Pre-Raphaelites: Victorian Avant-Garde

Last weekend I flew to DC to see the major exhibit, Pre-Raphaelities:  Victorian Art and Design. DC is the only North American city where the exhibit is showing (having started in London, it next moves on to Moscow and Tokyo) so I felt really lucky to have family nearby, which made it easier to go.

I’d seen some of the paintings before at the Tate, and at the Holman Hunt exhibit a few years ago, which came to Toronto.  But this exhibit was really marvelous in terms of the sheer number of paintings from many different galleries, some of which I may never have a chance to see again.  Working in disability studies, I was especially happy to see Millais’s The Blind Girl (1856), which is at Birmingham.


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Victorian Curiosities at the Courtauld Gallery

Back in May, I went to see the exhibit, “Life, Legend, Landscape: Victorian Drawings and Watercolours” at the Courtauld Gallery in London. Many were works apparently shown for the first time. There were some beautiful Turner watercolours depicting Swiss scenes, such as “The Fall of the Rhone at Schffhausen” and “Brunnen, Lake Lucerne.”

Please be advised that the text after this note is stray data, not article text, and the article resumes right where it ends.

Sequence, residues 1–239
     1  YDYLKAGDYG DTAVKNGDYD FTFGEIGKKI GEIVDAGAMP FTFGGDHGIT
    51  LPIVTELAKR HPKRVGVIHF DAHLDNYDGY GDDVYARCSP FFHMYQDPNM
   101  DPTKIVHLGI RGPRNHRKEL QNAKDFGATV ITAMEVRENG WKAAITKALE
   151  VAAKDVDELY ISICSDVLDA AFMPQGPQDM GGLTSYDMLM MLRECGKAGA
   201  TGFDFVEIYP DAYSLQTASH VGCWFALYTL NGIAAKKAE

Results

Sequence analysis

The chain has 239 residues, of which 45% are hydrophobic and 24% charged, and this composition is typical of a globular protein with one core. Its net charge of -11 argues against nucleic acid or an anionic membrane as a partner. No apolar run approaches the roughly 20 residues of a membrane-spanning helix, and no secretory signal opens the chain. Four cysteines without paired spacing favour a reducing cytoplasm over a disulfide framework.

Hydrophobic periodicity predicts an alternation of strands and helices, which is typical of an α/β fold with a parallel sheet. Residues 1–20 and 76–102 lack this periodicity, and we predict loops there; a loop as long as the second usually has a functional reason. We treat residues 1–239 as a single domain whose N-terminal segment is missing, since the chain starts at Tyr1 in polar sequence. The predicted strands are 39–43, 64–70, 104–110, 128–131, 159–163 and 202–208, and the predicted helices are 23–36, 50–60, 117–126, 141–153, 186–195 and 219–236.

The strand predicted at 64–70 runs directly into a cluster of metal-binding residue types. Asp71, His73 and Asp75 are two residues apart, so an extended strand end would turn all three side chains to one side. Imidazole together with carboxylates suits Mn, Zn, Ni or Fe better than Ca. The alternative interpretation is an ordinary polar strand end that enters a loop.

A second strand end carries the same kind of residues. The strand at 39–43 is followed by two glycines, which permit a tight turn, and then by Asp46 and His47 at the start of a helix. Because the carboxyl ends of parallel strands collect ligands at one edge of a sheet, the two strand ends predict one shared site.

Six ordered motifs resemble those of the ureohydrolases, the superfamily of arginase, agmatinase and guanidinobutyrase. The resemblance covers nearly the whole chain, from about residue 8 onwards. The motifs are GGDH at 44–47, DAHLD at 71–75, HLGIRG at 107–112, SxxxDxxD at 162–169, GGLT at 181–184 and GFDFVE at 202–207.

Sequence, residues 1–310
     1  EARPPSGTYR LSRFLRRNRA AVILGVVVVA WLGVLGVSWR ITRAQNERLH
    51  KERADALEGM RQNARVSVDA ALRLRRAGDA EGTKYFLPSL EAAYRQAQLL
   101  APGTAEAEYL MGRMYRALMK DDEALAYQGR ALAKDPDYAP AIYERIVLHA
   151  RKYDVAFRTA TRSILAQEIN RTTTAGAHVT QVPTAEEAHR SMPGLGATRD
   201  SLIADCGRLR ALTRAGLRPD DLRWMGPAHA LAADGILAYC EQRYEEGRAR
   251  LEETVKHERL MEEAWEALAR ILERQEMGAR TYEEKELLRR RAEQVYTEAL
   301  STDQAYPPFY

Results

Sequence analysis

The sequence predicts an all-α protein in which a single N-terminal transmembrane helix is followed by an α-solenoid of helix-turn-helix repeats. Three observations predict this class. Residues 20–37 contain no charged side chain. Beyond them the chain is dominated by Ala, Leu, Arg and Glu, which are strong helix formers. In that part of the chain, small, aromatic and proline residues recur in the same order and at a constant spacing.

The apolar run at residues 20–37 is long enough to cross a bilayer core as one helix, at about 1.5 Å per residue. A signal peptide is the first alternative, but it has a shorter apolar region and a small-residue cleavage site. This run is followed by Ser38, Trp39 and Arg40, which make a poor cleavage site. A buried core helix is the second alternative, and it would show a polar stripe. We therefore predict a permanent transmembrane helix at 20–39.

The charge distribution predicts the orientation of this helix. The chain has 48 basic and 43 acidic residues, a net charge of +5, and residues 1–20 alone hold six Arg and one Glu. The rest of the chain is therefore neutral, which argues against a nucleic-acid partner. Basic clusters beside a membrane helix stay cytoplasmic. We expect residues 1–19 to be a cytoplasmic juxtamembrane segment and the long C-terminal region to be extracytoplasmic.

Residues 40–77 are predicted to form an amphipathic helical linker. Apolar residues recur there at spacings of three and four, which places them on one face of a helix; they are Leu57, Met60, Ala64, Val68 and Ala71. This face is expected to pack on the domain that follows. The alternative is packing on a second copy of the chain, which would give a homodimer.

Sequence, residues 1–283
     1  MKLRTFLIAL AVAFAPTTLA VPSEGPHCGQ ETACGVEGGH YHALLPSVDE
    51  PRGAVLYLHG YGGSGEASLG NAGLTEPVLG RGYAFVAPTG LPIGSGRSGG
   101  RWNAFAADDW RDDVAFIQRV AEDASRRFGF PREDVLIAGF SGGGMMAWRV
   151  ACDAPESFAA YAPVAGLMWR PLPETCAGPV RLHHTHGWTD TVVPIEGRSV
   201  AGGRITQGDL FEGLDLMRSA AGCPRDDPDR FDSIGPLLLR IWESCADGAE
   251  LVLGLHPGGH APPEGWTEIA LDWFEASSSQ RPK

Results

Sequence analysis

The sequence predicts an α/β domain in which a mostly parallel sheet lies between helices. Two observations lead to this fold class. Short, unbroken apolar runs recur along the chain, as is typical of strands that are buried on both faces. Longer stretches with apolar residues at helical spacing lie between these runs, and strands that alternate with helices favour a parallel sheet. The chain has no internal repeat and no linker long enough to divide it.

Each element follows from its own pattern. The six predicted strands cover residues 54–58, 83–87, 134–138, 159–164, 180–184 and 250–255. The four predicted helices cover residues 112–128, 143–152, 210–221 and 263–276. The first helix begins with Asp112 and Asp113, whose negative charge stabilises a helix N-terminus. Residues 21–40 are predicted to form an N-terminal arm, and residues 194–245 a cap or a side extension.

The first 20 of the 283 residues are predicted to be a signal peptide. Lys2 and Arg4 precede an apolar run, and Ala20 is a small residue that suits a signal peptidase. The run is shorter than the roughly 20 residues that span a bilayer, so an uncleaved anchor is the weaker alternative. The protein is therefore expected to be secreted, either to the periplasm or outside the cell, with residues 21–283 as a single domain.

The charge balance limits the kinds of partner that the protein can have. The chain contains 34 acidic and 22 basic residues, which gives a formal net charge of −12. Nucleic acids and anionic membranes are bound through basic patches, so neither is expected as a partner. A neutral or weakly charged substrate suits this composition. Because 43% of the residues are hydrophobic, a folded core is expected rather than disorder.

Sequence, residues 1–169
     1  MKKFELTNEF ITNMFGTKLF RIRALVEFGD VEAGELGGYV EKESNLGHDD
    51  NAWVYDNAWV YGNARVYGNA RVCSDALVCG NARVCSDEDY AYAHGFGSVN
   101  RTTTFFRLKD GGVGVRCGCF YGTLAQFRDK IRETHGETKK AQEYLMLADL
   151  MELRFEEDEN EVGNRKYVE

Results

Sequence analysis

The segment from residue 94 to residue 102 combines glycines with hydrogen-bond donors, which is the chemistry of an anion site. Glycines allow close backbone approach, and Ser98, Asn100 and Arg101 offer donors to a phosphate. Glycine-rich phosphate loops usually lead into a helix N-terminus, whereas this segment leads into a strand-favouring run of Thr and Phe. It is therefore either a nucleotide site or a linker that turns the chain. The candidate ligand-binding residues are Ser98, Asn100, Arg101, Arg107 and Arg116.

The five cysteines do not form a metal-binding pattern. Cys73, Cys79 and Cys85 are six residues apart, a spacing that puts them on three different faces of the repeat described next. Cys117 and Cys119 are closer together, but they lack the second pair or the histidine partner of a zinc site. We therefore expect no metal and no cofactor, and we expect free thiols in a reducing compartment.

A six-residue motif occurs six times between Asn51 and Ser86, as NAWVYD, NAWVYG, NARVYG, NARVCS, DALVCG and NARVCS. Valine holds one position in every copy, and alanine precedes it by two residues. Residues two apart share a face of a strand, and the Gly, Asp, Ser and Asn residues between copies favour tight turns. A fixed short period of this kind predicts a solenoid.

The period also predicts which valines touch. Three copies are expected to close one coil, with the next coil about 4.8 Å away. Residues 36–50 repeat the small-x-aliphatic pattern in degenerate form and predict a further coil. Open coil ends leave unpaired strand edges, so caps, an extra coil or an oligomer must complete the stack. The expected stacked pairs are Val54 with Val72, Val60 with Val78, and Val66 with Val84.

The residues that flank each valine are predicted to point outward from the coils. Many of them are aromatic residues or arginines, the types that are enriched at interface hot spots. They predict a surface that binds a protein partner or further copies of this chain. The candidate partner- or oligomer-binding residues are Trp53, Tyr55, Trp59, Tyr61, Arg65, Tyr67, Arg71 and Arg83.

I was most struck, though, by the female portraits, like William Etty’s chalk drawing “Female Nude with a Cast of the Venus De Medici” from 1835-7. An exploration of the real and the ideal, the illustration shows a nude model standing next to, and embracing, the cast of Venus. Oddly, though, the female forms are almost entirely identical, so that the painting doesn’t seem to reveal the shock of the real woman in contrast to the idealized sculpture. Continue reading “Victorian Curiosities at the Courtauld Gallery”